Main Article Content
Breast cancer, Hormone replacement therapy (HRT), Steroid
Background: The carcinogenic effect of exogenous steroid hormones on the breasts is a matter of debate, causing confusion for physicians at the time of making prescriptions. This article, as part of a quadruple series about exogenous sex hormones and breast disorders, reviews the association of breast cancer and hormone replacement therapy (HRT) in the general population, women with benign breast disorders, women with personal or family history of breast cancer, and BRCA carriers.
Methods: We accomplished an extensive search of the literature by using relevant keywords to identify pertinent cohort studies, clinical trials, and reviews. Then, we extracted all points regarding the question.
Results: An extensive literature exists on the risk of breast cancer following HRT in the general population, and HRT has been mentioned as a risk factor for breast cancer, especially in recent, long-term users of combined formulations. However, there is still no consensus about it. Conversely, few studies have considered challenging issues like the use of HRT in breast cancer survivors and high-risk women.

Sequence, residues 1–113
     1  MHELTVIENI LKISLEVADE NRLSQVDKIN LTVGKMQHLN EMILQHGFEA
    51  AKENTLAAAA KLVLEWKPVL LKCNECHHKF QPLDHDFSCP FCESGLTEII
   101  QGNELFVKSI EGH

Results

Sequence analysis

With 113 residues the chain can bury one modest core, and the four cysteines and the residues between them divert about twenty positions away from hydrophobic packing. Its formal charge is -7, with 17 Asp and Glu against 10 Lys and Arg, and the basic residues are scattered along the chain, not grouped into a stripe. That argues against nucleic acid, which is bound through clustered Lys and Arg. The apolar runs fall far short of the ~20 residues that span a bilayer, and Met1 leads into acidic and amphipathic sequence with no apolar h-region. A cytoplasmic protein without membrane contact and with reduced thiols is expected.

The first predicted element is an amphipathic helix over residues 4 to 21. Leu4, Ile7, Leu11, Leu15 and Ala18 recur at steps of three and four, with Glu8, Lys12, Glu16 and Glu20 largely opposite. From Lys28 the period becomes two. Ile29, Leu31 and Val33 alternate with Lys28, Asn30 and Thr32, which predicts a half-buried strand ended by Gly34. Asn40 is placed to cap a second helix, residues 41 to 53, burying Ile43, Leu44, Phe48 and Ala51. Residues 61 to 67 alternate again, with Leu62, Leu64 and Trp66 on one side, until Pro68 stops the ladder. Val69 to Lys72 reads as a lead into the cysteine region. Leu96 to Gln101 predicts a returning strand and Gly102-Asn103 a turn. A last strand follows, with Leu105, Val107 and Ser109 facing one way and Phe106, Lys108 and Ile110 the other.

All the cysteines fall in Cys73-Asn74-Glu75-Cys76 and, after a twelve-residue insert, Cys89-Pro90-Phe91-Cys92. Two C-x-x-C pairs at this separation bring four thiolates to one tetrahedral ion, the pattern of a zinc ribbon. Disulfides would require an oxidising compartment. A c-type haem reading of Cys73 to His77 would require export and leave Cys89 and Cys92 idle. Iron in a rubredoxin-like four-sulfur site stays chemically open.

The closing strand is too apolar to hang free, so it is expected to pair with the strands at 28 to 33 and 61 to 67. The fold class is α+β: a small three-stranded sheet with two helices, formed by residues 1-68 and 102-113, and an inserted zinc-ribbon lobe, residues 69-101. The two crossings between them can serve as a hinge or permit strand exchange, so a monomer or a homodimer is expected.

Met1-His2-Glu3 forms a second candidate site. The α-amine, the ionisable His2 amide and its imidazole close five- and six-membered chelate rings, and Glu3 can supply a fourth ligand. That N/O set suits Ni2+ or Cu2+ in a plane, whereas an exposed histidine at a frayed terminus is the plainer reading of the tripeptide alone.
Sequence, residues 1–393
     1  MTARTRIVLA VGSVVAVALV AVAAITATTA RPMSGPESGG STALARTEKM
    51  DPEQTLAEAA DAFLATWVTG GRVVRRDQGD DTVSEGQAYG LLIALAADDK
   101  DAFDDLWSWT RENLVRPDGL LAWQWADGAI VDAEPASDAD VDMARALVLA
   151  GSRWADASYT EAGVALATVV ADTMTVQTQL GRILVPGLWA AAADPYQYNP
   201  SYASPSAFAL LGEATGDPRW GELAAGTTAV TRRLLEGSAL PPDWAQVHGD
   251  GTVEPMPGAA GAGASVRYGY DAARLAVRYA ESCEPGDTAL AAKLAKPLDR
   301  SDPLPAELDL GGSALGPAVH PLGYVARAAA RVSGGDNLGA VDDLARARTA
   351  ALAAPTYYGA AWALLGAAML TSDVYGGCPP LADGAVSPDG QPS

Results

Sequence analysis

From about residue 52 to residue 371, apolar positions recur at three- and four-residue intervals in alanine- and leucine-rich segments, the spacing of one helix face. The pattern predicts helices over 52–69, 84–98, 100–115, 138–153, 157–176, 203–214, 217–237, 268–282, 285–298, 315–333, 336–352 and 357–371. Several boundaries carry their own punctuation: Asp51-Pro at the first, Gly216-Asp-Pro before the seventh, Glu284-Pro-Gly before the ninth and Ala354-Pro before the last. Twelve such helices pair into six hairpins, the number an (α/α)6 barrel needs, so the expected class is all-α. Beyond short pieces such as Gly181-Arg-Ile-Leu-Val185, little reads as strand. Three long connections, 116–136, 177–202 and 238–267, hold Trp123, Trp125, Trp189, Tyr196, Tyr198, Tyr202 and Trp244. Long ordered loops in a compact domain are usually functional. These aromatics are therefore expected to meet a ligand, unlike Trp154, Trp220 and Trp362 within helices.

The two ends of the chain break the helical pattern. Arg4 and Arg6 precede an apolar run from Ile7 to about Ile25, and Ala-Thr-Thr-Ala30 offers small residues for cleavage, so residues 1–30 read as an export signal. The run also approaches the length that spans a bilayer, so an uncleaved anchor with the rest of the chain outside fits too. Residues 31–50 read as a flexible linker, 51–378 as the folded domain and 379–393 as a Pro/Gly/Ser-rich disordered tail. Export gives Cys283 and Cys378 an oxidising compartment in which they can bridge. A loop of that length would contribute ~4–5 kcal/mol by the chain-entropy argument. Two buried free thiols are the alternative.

Conclusion: HRT up to 5 years can safely be used for management of menopausal symptoms in healthy women, and those with low-risk benign breast disorders. On the contrary, its use in high-risk women should be limited to refractory menopausal symptoms after describing potential harms to the patient.
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